The Academy serves the public and the nursing profession by advancing health policy and practice through the generation, synthesis, and dissemination of nursing knowledge. Every day across America, the Academy and its members create and execute knowledge-driving and policy-related initiates to drive reform of America's health system.

Academy's more than 2,200 members, known as Fellows, are nursing's most accomplished leaders in education management, practice and research. Fellows include association executives; university presidents, chancellors, and deans; state and federal political appointees; hospital chief executives and vice presidents for nursing; nurse consultants; researchers; and entrepreneurs.

Fellows have been recognized for their extraordinary nursing careers and are among the nation's most highly-educated citizens: more than 90% hold doctoral degrees and the rest have completed masters programs. Invitation to the fellowship represents more than recognition of one's accomplishments within the nursing profession. Academy fellows also have a responsibility to contribute their time and energies to the Academy and to engage with other health leaders outside the Academy in transforming America's health system by

  • Enhancing the quality of health and nursing care,
  • Promoting healthy aging and human development across the life continuum,
  • Reducing health disparities and inequalities,
  • Shaping healthy behaviors and environments,
  • Integrating mental and physical health, and
  • Strengthening the nursing and health delivery system, nationally and internationally.

The Academy is governed by a 10-member board of directors, elected by the Fellows. Board members oversee the Academy's strategic planning and financial management. Fellows are encouraged to participate in one of the Academy's expert panels that correlate with their area of expertise.

The Academy's annual policy conference, held each October, offers fellows and other interested parties (attendance is not limited to fellows) an opportunity to share ideas and help develop new strategies for nurses to drive the transformation of America's health system. Meetings during the conference also create opportunities for emerging nurse leaders to learn more about the Academy and its work, and to exchange ideas.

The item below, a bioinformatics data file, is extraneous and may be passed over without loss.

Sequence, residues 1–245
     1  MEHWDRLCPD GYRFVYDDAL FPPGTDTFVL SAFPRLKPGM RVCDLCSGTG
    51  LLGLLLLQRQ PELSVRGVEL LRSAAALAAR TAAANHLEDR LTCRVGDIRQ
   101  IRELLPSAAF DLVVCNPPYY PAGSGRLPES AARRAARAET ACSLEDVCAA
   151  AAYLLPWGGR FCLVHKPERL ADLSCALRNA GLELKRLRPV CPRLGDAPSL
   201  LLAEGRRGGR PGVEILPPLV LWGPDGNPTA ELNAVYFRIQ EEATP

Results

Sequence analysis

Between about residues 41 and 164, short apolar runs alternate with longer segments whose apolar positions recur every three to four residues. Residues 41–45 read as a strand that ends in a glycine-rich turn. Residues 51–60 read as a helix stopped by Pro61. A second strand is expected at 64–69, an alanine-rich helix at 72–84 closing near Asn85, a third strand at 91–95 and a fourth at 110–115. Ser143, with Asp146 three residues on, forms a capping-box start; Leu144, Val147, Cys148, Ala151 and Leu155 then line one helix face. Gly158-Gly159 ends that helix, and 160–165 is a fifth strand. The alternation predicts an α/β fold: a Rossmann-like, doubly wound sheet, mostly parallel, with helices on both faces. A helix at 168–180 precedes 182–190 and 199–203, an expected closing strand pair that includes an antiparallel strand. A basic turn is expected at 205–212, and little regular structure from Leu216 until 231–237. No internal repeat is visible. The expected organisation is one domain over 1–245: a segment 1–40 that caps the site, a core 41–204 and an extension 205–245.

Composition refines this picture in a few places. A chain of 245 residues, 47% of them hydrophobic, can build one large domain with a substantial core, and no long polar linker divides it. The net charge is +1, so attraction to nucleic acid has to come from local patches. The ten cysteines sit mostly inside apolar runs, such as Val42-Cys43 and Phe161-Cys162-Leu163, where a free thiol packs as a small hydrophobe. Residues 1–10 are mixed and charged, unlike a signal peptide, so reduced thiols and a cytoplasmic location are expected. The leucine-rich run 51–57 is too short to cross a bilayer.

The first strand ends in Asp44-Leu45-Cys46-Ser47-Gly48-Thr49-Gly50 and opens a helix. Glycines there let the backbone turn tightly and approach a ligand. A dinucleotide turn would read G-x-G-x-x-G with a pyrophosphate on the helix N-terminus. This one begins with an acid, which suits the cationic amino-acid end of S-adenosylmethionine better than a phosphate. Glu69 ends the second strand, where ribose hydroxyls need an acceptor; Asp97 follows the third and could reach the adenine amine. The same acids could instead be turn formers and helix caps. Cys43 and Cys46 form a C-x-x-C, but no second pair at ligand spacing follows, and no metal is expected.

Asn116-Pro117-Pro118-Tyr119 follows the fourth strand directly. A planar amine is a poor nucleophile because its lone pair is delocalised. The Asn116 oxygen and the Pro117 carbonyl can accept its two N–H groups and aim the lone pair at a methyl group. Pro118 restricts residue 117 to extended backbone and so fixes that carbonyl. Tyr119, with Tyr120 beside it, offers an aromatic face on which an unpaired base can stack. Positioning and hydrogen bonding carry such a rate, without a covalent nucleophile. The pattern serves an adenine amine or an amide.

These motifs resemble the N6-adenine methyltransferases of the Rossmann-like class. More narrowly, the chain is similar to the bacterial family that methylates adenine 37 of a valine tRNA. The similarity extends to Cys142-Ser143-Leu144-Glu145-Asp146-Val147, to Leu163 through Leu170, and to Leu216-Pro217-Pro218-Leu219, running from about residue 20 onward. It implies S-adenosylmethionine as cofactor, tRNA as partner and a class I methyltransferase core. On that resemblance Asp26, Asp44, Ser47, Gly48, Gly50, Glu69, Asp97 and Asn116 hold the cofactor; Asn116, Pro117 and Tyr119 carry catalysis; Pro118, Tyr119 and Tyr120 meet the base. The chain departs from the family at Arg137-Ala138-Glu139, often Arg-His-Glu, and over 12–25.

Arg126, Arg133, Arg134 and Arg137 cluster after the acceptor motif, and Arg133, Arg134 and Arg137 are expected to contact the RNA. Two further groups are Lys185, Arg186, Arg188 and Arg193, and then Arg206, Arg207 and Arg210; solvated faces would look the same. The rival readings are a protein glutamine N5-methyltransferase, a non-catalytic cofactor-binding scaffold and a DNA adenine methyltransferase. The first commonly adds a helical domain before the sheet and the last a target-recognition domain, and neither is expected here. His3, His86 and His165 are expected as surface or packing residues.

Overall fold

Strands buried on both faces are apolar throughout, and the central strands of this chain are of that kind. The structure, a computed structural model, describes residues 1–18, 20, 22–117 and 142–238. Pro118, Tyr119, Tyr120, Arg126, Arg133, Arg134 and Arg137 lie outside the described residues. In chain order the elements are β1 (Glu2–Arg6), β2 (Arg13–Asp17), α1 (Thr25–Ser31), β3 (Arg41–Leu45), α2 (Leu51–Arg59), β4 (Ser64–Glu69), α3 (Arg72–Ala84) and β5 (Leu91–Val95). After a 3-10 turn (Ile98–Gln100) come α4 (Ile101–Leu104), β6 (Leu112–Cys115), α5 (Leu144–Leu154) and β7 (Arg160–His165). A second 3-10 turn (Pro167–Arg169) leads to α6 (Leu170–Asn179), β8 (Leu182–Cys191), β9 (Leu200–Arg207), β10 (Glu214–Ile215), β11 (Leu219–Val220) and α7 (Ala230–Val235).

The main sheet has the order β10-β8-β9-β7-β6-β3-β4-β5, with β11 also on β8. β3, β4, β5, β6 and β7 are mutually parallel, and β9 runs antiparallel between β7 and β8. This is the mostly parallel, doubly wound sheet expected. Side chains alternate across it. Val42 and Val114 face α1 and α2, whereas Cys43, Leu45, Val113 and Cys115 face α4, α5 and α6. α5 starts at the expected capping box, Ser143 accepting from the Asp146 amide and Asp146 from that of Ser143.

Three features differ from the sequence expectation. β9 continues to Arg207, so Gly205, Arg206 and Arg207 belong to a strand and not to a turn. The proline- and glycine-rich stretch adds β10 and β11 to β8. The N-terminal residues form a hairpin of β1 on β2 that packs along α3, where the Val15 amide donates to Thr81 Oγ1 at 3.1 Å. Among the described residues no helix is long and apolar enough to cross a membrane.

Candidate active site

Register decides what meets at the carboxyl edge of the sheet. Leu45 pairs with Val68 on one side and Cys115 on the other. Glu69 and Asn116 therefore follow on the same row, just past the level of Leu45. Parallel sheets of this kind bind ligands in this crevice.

Nursing Outlook, a bi-monthly journal, provides innovative ideas for nursing leaders through peer-reviewed articles and timely reports. Each issue examines current issues and trends in nursing practice, education and research, offering progressive solutions to the challenges facing the profession. The journal provides nursing educators, policy makers, administrators and practitioners with practical advice, new teaching methods and recruiting techniques, curriculum and health policy developments, and information on proposals that will affect the profession. Nursing Outlook is included in MEDLINE, CINAHL, and the Journal Citation Reports Social Science Edition.

History of the Academy

The sole corporate member of the American Academy of Nursing is the American Nurses Association (ANA). First approved by the 1964–66 ANA House of Delegates, the American Nurses Association by-laws were amended to call for an Academy of Nursing for the advancement of knowledge, education, and nursing practice. On April 24, 1973, thirty-six charter fellows held their first meeting. Then, fellows were elected to the governing council, and Rheba de Tornyay was elected as the inaugural president. Operating objectives included

  • Advance new concepts in nursing and health;
  • Identify and explore issues in health, in the professions, and in society as they affect and are affected by nurses and nursing;
  • Examine the dynamics within nursing, the interrelationships among the segments within nursing, and examine the interaction among nurses as all these affect the development of the nursing profession; and
  • Identify and propose resolutions to issues and problems confronting nursing and health, including alternative plans for implementation.

Articles of incorporation were approved by the District of Columbia in December 1999 constituting the Academy as a nonprofit corporation qualifying the Academy as a section 501(c)3 corporation.

In 2006, the Academy established a Washington, DC, office in keeping with its strategic goals and recognizing the pivotal role of public policy in reforming American health. Academy staff identifies key policy issues in which the Academy can mobilize its fellows, along with allied individuals and organizations, to support the Academy's policy agenda and affect change. In addition, the staff oversees outreach to lawmakers, the White House and relevant federal agencies, and to the media and other key audiences as the Academy strive to assure that nurses and their frontline knowledge are integrated into the quest for a system that delivers high-quality, affordable health care to all Americans.